After the law expired, sales of previously banned rifles exploded. Based on production and import data from 1990 through 2016, the National Shooting Sports Foundation, a trade group, estimates that Americans own more than 16 million guns that politicians would deem "assault weapons," which the industry prefers to call "modern sporting rifles." Feinstein's proposed ban, like the 1994 law, would not apply to those firearms. If grandfathered guns undermined the original ban, that problem is more than 10 times as big today.
Even if the 1994 ban had made all of the targeted guns disappear, there would have been plenty of equally lethal alternatives available to mass murderers or gang members. Gun control advocates frequently complained that firearm manufacturers got around the law by making minor, functionally unimportant changes to their products. Bushmaster, for instance, introduced the XM-15 rifle, a ban-compliant version of the AR-15. The Coalition to Stop Gun Violence notes that it was "functionally equivalent in all relevant respects to its banned cousin." But if companies could legally produce guns that were just as deadly as the ones covered by the ban, that was an indictment of the law, not the manufacturers who complied with it.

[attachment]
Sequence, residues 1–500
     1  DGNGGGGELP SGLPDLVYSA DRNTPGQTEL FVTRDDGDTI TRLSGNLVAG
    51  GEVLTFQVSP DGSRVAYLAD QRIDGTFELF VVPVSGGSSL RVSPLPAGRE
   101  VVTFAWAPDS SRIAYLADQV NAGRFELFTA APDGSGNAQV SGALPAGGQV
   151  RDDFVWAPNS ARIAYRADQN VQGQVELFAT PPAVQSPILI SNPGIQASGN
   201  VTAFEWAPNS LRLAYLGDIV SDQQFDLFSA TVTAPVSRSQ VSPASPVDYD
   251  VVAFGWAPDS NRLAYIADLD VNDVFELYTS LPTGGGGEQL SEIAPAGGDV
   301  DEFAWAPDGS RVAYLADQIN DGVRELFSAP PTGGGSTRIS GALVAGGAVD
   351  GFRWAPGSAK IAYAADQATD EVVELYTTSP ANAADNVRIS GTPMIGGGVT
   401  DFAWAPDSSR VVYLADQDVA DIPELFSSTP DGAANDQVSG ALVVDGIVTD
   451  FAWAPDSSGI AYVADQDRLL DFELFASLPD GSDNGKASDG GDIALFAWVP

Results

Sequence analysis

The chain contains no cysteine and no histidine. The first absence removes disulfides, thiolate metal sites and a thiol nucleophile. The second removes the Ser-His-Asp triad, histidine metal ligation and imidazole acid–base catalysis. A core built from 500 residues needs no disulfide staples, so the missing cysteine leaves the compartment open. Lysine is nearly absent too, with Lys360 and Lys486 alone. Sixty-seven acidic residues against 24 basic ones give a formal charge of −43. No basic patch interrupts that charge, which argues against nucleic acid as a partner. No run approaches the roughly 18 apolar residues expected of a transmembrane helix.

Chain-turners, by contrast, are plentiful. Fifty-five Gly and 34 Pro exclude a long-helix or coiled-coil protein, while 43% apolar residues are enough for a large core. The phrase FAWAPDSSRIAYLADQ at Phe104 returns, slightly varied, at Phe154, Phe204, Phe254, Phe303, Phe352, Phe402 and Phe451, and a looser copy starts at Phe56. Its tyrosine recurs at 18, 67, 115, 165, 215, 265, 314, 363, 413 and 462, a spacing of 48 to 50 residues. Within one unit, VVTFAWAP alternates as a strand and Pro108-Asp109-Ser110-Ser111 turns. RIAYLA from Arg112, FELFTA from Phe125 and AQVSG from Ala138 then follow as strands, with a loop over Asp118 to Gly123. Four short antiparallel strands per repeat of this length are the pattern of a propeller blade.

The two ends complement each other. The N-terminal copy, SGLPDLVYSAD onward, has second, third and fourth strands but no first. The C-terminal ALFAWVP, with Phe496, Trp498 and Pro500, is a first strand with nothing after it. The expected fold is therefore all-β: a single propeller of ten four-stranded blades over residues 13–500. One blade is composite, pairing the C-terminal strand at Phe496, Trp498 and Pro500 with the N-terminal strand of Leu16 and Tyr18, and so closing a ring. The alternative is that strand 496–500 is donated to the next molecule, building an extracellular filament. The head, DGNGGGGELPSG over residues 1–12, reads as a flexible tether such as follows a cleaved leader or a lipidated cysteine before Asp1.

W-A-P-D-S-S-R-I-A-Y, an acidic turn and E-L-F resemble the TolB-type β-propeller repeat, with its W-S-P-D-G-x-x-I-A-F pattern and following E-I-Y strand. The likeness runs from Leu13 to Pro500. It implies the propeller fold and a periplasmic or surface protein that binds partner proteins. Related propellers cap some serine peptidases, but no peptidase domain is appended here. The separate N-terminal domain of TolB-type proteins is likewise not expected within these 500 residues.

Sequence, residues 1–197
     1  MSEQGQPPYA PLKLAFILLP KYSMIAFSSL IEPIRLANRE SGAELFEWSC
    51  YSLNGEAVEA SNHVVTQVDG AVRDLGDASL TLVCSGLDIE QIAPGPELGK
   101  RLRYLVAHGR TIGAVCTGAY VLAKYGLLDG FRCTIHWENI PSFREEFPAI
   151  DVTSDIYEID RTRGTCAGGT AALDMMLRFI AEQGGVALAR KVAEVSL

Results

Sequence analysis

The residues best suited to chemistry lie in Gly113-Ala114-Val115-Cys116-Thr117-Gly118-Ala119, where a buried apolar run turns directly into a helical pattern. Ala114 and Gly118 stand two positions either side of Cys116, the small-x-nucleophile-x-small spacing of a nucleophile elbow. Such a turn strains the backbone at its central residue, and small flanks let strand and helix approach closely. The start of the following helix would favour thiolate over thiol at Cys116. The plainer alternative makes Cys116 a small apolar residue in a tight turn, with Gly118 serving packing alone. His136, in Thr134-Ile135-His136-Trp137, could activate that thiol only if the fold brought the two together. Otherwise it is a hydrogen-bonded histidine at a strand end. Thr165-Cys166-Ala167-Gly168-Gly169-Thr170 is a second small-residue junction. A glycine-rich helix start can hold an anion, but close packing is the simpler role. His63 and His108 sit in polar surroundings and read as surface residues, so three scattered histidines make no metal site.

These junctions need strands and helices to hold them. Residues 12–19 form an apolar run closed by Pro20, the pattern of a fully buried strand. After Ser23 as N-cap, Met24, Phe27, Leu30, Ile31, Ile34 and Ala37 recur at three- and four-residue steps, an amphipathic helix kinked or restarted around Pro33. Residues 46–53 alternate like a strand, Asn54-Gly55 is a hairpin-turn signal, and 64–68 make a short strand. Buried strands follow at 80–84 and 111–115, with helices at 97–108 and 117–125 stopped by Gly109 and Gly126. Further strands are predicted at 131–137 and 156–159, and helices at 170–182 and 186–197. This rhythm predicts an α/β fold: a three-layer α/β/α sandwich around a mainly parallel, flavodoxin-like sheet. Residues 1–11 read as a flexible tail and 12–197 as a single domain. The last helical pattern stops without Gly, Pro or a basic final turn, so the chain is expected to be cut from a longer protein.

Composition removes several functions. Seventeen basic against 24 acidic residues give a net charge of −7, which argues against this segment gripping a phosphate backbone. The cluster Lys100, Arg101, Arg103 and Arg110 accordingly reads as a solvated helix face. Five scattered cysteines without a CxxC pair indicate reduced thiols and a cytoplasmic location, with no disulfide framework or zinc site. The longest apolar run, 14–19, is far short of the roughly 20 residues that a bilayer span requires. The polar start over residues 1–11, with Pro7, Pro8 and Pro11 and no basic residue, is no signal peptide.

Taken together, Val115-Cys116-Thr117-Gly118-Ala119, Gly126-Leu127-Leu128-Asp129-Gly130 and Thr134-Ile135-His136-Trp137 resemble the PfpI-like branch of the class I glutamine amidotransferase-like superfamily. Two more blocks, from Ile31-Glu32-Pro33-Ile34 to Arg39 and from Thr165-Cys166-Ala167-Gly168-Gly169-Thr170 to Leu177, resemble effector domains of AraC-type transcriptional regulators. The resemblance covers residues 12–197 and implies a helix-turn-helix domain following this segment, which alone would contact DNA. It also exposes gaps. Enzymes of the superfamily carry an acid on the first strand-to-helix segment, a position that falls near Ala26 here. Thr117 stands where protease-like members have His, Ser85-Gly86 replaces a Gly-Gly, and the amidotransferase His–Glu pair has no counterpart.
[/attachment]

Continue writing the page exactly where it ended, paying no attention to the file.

The supposedly improved ban that Feinstein is pushing now casts a wider net but suffers from the same basic flaw: It defines the prohibited guns based on features with little or no functional significance in the context of mass shootings or other violent crimes. The bill covers "157 dangerous military-style assault weapons" by name (up from 18) and defines the targeted firearms more broadly. Semi-automatic rifles that accept detachable magazines qualify if they have one or more (rather than two) of six (up from five) specified characteristics.